Shanghai is the shiniest gem in modern China’s jewel box. It’s a hip, contemporary city that’s charging into the future with all the energy of its famous Maglev train. Yet if you veer away from the sleek highways and glitzy shopping streets you can still stumble upon a more traditional Shanghai, with all its character and flavour. In the tiny back streets, wet-market vendors peddle their wares - buckets of bright green vegetables, fish flapping in shallow plastic bowls and heaps of crayfish crawling over each other.
Chinese Yuan (CNY)
Shanghai Daily: Local English-language daily
China Daily National English-language newspaper
Most offices are open Monday to Friday, from 9 am to 5 pm or 6 pm. Some bank branches open on Saturday mornings. Shopping centres and department stores are usually open seven days a week until 8 pm or 10 pm.
The Shanghai Tourist Information and Service Centre has branches throughout the city. Main branches can be found at:
Room 410, 2525 West Zhongshan Road
Tel: +86 21 6439 9806
1699 West Nanjing Road
Tel: +86 21 6248 3259
561 East Nanjing Road
Tel: +86 21 5353 1117
127 South Chengdu Road
Tel: +86 21 6372 8330
Zhengda Guangchang,168 West Lujiazui Road
Tel: +86 21 6887 7888
Shanghai’s most famous attraction is the Bund. This was where the colonial merchants of the late nineteenth and early twentieth centuries built the headquarters for their trading firms and banks. Still today, these vast, august edifices boom of power - but now the roofs are topped with the red and yellow flags of the People’s Republic and the buildings below house designer clothing shops as well as banking headquarters. Across the Huangpu River, there’s a greater transformation still. 30 years ago, this was sleepy farmland - now, Pudong is a booming financial and economic district. Just back from the waterfront lays the old city, a tangle of tiny lanes where the locals still live as they have for decades. Even in these traditional lanes, though, the wrecking ball is wreaking its havoc: walk around them now before it’s too late. Further west lays the French Concession, where large colonial houses are being rapidly converted into high-end bars and restaurants.
For shoppers, Shanghai is still a kind of heaven. Markets are regularly being uprooted and rehoused as part of the urban planners’ mission to make the city better and brighter than ever before. There are still fabulous deals to be had at the fabric market, wonderful trinkets and antiques in Dongtai Road and good-value custom-made furniture for those with a shipping crate to spare.
Shanghai really is a delightful city to explore. See skyscrapers alongside surviving colonial buildings, visit the Shanghai museum to get an insight into the city's past and just how rapidly it has changed within the last decade. Early birds must visit one of Shanghai’s many parks, where thousands gather daily for morning exercise.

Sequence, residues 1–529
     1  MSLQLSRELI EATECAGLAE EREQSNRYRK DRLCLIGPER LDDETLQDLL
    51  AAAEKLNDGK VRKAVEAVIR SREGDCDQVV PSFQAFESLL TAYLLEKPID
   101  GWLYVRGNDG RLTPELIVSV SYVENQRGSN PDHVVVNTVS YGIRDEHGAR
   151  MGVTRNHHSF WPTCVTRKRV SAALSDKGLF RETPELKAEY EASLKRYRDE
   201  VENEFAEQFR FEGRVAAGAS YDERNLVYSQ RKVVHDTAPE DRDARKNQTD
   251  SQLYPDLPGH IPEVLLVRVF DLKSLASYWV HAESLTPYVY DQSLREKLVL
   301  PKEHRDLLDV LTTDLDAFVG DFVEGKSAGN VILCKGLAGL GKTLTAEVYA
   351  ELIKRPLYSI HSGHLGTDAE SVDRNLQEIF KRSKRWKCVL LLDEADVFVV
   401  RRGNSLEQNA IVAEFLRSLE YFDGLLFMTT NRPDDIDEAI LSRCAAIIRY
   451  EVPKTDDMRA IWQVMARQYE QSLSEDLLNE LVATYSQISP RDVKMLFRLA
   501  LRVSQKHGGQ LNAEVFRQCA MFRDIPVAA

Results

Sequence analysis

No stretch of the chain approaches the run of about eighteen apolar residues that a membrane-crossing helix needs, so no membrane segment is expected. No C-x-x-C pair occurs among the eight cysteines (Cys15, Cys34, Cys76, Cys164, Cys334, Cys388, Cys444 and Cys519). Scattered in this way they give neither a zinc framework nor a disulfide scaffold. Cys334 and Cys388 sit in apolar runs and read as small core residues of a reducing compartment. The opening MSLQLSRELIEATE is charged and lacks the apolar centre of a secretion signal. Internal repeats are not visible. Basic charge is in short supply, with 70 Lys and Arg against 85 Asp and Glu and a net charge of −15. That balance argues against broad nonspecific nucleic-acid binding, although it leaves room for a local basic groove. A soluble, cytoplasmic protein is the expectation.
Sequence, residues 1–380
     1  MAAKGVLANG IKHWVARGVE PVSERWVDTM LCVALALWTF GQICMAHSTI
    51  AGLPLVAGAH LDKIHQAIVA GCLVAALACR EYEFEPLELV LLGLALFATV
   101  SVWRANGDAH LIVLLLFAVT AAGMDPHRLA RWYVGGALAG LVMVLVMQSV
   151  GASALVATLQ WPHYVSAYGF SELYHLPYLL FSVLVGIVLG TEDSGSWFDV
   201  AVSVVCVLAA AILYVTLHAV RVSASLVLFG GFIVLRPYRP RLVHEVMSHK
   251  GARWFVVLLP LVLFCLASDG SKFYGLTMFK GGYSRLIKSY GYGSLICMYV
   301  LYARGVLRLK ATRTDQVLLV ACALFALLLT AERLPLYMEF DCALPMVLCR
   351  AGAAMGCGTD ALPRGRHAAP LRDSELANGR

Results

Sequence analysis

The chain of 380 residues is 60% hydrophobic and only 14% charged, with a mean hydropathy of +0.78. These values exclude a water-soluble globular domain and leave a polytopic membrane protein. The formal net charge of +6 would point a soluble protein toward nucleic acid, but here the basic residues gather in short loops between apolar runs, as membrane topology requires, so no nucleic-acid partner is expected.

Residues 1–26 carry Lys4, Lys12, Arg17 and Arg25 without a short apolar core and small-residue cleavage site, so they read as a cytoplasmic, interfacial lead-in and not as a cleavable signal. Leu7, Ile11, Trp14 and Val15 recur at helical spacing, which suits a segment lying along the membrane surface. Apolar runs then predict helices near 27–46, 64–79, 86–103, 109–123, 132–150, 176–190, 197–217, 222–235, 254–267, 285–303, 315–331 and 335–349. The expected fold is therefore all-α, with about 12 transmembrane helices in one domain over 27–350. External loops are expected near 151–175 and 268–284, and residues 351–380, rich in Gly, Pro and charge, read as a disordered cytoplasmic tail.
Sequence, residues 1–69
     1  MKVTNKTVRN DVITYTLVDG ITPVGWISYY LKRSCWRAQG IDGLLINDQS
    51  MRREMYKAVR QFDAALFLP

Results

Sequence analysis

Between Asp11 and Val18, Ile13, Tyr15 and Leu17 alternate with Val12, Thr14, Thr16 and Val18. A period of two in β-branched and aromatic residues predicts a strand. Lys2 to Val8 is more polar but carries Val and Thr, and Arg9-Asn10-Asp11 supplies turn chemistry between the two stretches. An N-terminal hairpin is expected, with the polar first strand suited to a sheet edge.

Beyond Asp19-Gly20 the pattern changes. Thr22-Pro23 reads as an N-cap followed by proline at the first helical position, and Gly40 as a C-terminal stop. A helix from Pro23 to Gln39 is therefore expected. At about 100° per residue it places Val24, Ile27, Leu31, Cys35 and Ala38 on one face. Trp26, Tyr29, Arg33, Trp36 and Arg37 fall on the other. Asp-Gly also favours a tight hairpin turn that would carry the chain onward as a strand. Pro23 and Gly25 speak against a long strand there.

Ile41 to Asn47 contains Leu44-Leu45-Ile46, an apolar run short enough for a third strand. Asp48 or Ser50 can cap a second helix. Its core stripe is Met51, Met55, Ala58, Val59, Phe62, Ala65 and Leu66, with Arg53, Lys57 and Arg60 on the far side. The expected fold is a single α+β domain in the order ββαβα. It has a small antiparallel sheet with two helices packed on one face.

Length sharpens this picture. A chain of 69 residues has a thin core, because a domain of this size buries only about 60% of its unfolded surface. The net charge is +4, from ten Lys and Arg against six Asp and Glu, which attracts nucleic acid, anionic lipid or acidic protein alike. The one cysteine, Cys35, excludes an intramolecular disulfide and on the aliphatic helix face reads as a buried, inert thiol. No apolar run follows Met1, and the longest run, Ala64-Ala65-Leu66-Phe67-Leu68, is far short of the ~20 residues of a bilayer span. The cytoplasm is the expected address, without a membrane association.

The Bund / 外滩
Shanghai Disneyland / 迪士尼乐园
Tian Zi Fang / 田子坊
Nanjing Road Pedestrian / 南京路步行街
Yu Garden / 豫园
Maglev / 磁悬浮
Jin Mao Tower / 金茂大厦
Shanghai Circus World / 上海马戏城
Shanghai Ocean Aquarium / 上海海洋水族馆
Jade Buddha Temple / 玉佛禅寺
People's Square / 人民广场
Shanghai Science & Technology Museum / 上海科技馆
Xintiandi / 新天地
Shanghai World Financial Center / 上海环球金融中心
Bund Tourist Tunnel / 外滩观光隧道
Oriental Pearl TV Tower / 东方明珠
Shanghai Museum / 上海博物馆
The Chinese like to eat, and Shanghai is a city where this characteristic national trait finds its ultimate reflection. From chic and elegant international restaurants to local dumpling joints, Shanghai is where you can easily eat your way around the globe. Whether you like your portions exquisitely presented or prefer a tangled mountain of noodles, you will find it all here. A note on tipping: it’s officially prohibited in China. While it has become usual to tip tour guides on organised outings, it is not common to tip taxi drivers or the staff of bars and restaurants.
Crystal Jade / 翡翠酒家
M On The Bund / 米氏西餐厅
CHAR bar and grill & 恰餐厅
Guyiwan Wonton / 顾一碗馄饨·烧麦
Paradise Dynasty / 乐新皇朝
Pushi Xiao Dian / 蒲石小点
Coffee culture is not deep-rooted in Shanghai, however, dozens of coffee shops have sprung up all across the city in recent years. While locals tend to go for western coffee chains and bubble tea sold at hole-in-the-wall takeaway shops, foreign visitors may rather gravitate towards a traditional tea house and experience the Chinese tea culture.
Below are some of the best cafes in Shanghai, China:
Tian Zi Fang / 田子坊
Kommune / 公社咖啡
Antique Garden / 古董花园
Abbey Road / 艾比之路
Maya / 玛雅墨西哥餐厅
Yang's Dumpling / 小杨生煎
Baker & Spice
Some cities simply never sleep, and Shanghai is certainly one of those. In Shanghai, the party lasts till daylight - and then starts over. Like everything in Shanghai, the bar scene is developing fast with new venues opening every month. Gone are the grey days when fun was frowned upon as a bourgeois pursuit. Contemporary Shanghai is making up for lost time with everything from pulsating house music to sultry jazz.
And here are the best bars and nightclubs in Shanghai, China:
Cottons / 棉花酒吧
M Glam / 魅蓝
House of Blues and Jazz
Boxing Cat Brewery / 拳击猫啤酒屋
The Paramount / 百乐门
If you like things made to measure, Shanghai is a shopping Mecca. The Fabric Market has recently been pulled up from its down-at-the-heel roots and relocated to 399 Lujiabang Road. Meanwhile, Tai Kang Road features more upscale boutiques selling jewellery, pottery and leather wear, while Xintiandi has everything from clothes to cushions to cocktails. And then, of course, there’s the Bund.
Three on the Bund / 外滩三号
Tianshan Tea City / 天山茶城
Tian Zi Fang / 田子坊
M&M's World / m豆巧克力世界
Tian'ai Lu / 甜爱路
Joy City / 大悦城
Disney Flagship Shop / 迪士尼旗舰店
Nanjing Road Pedestrian / 南京路步行街
Xintiandi / 新天地